Friday, April 25, 2014

Creative Inspiration

I am soooooo looking forward to Monday. We have district wide in-service. I can't wait!

And I'm not even being sarcastic.

We get to spend the entire day with our PLCs. My math-teaching buddies and I have decided to use the whole day to create activities for our classrooms.

No yawn-inducing sessions that don't apply to us. We are going to create stuff that we can use!

I've been compiling supplies, links, and ideas for inspiration.

Beach balls, because summer is soooo close.


I made the pink ice breaker one a while back. It is covered in silly questions. You toss the ball to someone, they answer the question underneath their right thumb and toss it to someone else. Something like that with math facts might be perfect for our intervention teacher?

Plastic eggs I got on clearance after Easter.


I am thinking an egg hunt? Maybe a problem inside the egg leads to an answer written on the outside of another egg which opens up to reveal another problem? There could be a different color for each group.

Or, that same thing in an egg carton. I like these white plastic eggs because they aren't seasonal. It might only be a worksheet in disguise, but its way more fun.


Foam pieces. I've found that writing on pieces of craft foam with a sharpie makes for durable sorting cards & such. No laminating necessary. The strips could work for putting the pieces of a proof in order? I am sure we can find some other uses as well.


I have a bunch of wooden blocks in my cabinet. Perfect for custom-made dice.


Links to my favorite activity structures: Add 'em up, speed dating, solve-crumple-toss, war (all via Kate's blog). Also bucket of lies, math dominoes . . . what else?

Here are some samples of those for everyone to look at.


And some cooperative learning books with tons of great ideas.


Oh, and I am hoping to convince someone to try Barbie bungee.

Hoping for a productive day!

7 comments:

  1. The little wooden cubes got me excited. Where can I get them? (I want to make 6 pyramids to show why 1^2+2^2+3^2+...+n^2 = n(n+1)(2n+1)/6. I have 3 pyramids now, but 6 would be better. And mine aren't very pretty.)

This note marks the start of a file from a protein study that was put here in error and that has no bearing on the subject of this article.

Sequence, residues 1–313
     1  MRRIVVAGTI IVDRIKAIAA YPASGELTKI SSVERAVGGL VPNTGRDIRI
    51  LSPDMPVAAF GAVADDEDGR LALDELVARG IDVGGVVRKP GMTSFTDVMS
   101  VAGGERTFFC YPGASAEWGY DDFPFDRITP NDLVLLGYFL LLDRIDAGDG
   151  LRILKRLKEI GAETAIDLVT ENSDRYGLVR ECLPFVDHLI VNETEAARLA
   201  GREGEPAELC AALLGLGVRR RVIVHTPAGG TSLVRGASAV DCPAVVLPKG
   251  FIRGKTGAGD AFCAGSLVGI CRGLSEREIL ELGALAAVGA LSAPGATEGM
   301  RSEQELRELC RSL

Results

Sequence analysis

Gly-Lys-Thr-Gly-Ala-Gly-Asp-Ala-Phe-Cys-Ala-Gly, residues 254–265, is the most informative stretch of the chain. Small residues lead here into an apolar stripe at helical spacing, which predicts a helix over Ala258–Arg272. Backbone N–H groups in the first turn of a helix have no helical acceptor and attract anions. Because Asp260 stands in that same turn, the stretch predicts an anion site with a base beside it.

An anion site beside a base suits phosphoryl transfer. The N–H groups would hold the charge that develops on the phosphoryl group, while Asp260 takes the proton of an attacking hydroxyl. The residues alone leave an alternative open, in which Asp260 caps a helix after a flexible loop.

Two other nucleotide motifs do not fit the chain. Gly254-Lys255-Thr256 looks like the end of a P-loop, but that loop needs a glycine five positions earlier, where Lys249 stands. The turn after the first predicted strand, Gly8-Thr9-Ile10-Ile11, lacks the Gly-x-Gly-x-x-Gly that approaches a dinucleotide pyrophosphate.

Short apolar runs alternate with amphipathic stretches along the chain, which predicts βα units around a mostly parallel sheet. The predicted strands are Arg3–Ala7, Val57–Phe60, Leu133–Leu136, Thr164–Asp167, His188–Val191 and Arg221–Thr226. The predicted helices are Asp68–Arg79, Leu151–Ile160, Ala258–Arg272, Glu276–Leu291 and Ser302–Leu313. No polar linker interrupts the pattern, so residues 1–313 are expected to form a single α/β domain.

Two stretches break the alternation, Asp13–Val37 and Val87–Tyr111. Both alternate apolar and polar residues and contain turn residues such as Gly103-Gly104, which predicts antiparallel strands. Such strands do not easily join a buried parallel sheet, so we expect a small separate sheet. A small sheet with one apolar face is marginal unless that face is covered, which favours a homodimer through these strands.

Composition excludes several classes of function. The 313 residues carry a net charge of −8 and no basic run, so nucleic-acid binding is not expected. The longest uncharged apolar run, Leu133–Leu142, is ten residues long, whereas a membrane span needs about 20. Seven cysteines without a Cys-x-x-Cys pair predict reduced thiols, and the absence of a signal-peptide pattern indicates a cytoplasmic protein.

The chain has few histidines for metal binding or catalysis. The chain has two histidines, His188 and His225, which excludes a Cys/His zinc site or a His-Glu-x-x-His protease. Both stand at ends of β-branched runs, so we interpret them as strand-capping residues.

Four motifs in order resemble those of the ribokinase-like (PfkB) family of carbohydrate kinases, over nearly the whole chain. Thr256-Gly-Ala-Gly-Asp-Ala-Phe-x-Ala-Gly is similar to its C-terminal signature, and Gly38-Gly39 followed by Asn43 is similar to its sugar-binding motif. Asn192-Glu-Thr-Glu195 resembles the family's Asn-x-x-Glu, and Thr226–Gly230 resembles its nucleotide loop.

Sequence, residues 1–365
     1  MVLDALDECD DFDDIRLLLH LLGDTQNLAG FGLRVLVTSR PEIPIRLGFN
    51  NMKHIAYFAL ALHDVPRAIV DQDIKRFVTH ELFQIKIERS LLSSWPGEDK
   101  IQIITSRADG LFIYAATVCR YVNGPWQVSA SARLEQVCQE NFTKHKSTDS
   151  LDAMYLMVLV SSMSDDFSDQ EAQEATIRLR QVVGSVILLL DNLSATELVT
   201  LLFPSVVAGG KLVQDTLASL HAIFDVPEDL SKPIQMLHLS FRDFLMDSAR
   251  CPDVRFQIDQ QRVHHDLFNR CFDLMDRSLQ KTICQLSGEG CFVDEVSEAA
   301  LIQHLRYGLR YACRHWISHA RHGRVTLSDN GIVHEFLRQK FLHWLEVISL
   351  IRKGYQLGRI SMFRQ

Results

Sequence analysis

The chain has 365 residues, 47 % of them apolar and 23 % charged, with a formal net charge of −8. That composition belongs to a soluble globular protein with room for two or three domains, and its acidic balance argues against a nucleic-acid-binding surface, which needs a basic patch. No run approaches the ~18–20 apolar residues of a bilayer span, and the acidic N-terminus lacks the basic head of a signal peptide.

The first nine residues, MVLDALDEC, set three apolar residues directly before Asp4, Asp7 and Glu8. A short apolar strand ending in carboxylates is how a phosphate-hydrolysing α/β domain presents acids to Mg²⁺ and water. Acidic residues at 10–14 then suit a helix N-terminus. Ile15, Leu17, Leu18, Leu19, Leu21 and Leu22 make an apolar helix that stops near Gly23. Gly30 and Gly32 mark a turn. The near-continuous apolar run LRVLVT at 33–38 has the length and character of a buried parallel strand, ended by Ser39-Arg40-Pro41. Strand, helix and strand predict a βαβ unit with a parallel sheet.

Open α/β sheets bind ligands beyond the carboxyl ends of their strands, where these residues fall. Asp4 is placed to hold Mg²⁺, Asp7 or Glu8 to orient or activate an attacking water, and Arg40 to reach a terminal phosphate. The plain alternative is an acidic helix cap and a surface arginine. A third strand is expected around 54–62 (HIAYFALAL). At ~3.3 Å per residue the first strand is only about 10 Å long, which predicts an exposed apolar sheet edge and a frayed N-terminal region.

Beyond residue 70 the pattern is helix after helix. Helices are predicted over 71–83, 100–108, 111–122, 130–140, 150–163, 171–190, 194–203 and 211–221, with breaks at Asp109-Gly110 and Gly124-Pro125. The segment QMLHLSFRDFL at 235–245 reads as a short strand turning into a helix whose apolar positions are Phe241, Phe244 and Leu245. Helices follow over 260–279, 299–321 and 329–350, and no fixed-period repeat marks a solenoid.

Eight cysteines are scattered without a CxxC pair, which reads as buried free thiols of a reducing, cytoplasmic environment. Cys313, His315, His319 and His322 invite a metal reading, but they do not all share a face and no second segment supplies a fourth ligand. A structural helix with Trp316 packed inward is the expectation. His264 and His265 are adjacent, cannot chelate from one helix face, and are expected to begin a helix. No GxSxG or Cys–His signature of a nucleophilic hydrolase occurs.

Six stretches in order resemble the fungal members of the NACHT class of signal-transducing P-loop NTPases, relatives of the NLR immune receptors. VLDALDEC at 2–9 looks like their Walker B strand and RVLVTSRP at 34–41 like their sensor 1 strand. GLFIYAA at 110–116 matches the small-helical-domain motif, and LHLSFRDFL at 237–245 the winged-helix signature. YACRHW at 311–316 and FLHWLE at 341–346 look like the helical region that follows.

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    1. Hi Sue! The cubes would be perfect for investigating sequences and series. I wish I could help you out with where to find them, but I inherited these from a former teacher at our school. I would probably try a craft supply shop like Michael's or Hobby Lobby?

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    2. I just bought them from a woodcraft supply place. ($28 for 200 unpainted 1" cubes.)

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  2. Oh, I forgot row games! http://function-of-time.blogspot.ca/2009/10/row-game.html

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  3. I just did an easter egg hunt with problems inside but I told the kids once they found them that they got to re-hide them for the other students. Challenge accepted! They loved it and told me how fun it was and I thought to myself "You're just doing a bunch of problems". lol

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    1. Hi Elissa! That's funny. :) I am amazed by how adding novelty to a plain ole problem set suddenly makes it fun. That's a win!

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  4. Looks like this is too late for your inservice… but another great book to use for cooperative learning is "Get it Together" by Tim Erickson. It is one of my favorites!

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